Available to all
“The rationale that etiquette should be eschewed because it fosters inequality does not ring true in a society that openly admits to a feverish interest in the comparative status-conveying qualities of sneakers. Manners are available to all, for free.”
― Judith Martin a.k.a. Miss Manners
I’m not sure how etiquette came to be equated with formal protocol at state dinners, but Miss Manners sets us straight as only she can. If you hear anyone protesting that teaching and learning correct manners is uppity or snobbish, don’t believe it. Courtesy is always appropriate, and it doesn’t require that we know all sorts of obscure rules that we won’t have occasion to need. It simply requires us to think of others first.
Good manners have never been my personal strength. It’s not much comfort to me that the faux pas I’m most frequently guilty of — interrupting, talking more loudly than necessary, or thoughtlessly and unintentionally going ahead of someone who was in front of me at an elevator or doorway — now seem to be fairly typical of most everyone I observe. The advantage of this general increase in rude behavior is that it’s made me more determined to polish up my own manners. It’s easier to see how offensive something is when someone else does it.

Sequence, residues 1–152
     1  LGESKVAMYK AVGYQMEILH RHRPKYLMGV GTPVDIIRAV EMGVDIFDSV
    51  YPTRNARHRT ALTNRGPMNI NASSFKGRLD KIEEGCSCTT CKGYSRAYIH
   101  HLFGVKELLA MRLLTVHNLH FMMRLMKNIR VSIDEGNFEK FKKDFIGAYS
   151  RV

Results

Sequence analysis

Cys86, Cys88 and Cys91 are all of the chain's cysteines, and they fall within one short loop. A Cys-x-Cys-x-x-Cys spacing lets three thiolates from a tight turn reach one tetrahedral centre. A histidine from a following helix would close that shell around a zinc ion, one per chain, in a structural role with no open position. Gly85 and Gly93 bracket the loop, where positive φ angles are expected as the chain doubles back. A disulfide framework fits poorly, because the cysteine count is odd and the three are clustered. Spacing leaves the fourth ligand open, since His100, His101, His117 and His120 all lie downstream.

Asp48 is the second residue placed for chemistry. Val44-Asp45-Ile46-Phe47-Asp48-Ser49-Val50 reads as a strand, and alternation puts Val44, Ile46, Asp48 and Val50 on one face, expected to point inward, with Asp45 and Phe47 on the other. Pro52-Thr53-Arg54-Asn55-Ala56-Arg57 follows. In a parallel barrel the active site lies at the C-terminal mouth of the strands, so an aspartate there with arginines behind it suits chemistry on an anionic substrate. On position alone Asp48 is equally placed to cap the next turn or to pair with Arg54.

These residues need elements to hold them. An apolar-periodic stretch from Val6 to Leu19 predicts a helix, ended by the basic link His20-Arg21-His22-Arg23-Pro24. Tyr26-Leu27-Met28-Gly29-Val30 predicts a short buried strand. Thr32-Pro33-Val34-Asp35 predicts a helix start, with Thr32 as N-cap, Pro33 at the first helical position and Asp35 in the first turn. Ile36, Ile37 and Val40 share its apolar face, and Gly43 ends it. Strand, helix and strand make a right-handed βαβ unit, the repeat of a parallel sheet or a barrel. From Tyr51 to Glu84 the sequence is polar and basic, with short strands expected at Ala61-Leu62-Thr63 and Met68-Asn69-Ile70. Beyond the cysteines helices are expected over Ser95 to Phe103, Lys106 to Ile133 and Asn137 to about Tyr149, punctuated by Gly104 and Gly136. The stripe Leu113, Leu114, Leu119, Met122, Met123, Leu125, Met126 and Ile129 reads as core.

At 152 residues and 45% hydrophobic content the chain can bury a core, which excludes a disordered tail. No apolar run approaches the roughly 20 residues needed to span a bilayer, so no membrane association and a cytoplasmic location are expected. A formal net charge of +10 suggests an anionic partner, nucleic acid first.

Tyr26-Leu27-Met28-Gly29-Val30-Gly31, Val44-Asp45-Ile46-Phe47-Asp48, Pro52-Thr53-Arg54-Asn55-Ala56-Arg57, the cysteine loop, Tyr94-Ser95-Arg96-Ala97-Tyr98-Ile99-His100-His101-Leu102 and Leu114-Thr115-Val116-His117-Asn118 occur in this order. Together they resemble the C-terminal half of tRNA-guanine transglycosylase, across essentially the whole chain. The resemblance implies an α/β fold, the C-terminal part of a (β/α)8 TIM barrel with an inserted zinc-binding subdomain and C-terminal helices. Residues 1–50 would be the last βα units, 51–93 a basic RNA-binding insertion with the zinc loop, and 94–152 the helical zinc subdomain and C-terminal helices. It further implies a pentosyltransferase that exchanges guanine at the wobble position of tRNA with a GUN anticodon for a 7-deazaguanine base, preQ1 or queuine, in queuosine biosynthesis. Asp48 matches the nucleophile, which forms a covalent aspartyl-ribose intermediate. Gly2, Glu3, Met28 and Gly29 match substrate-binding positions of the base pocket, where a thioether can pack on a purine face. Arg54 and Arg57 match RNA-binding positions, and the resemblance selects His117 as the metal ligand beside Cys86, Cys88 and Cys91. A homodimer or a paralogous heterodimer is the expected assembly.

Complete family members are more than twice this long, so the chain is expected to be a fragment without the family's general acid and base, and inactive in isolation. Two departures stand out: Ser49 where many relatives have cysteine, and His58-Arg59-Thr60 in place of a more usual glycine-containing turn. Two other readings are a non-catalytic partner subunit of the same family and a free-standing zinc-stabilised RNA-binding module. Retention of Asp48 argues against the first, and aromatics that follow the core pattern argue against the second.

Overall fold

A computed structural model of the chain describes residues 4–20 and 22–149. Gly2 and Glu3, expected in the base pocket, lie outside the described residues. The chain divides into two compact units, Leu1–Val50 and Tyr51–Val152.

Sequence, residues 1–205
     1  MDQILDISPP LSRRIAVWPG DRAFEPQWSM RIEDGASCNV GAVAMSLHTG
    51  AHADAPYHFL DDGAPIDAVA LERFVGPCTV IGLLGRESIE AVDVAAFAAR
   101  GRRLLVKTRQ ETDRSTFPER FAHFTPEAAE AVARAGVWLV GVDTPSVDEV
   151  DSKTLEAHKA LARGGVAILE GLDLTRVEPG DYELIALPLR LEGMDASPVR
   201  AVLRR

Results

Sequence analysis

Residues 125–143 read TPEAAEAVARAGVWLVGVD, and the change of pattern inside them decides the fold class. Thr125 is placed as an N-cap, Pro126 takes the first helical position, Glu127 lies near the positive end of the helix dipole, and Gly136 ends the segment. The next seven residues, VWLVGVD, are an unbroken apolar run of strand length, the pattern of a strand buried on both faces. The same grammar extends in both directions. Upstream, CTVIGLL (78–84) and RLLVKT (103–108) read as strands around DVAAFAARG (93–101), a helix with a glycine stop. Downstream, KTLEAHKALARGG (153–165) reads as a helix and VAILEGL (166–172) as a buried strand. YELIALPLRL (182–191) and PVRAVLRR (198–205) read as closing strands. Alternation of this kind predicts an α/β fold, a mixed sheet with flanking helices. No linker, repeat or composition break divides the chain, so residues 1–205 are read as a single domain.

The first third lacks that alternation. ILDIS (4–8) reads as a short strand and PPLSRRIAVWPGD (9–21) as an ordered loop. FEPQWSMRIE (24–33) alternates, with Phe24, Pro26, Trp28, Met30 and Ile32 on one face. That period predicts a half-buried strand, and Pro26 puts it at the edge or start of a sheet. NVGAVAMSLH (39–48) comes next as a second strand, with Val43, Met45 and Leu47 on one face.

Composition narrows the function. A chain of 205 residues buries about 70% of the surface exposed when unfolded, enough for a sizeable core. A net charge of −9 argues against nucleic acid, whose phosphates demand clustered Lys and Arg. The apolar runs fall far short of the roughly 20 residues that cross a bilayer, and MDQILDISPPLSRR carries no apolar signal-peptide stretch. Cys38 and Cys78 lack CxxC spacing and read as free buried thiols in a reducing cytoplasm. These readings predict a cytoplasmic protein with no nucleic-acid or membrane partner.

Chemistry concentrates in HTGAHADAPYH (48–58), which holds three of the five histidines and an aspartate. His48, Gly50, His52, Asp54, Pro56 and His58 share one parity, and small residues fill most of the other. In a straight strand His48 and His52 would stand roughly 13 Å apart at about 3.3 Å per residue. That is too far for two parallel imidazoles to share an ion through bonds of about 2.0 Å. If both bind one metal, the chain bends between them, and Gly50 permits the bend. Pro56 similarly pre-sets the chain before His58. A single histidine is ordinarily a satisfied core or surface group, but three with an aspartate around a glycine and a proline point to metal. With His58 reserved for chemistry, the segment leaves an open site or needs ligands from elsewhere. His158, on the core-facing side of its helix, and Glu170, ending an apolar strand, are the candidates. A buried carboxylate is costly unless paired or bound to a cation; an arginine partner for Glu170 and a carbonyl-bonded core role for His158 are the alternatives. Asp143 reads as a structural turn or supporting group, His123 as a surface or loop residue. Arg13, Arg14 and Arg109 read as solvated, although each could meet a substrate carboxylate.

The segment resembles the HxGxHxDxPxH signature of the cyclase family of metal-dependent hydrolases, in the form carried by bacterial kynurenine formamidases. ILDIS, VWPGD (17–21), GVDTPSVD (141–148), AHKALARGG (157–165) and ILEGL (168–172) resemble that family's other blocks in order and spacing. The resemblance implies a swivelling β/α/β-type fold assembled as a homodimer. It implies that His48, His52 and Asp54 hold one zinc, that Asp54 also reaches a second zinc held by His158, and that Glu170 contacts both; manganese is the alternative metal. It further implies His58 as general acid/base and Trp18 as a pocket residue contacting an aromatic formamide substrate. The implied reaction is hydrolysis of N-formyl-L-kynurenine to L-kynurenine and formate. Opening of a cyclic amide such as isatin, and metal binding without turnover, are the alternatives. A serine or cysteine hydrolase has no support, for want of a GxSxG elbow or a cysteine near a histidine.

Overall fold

Have you ever heard anyone denigrating etiquette as a bunch of outdated nonsense about which fork to use? If so, you might suggest that they read Miss Manners. Not only is she funny; she is practical and persuasive as she argues for the importance of courtesy as the foundation of a civil society. The idea of etiquette can be intimidating, but if we start with the “Golden Rule” and treat others as we’d like to be treated, we’ll be more than halfway there.
One year ago today:
This post was first published seven years ago today. The original post, comments and photo are linked, along with two other related posts, below. These links to related posts, and their thumbnail photos, do not appear in the blog feed; they are only visible when viewing the individual posts by clicking on each one. I have no idea why, nor do I know how they choose the related posts. That’s just the way WordPress does things.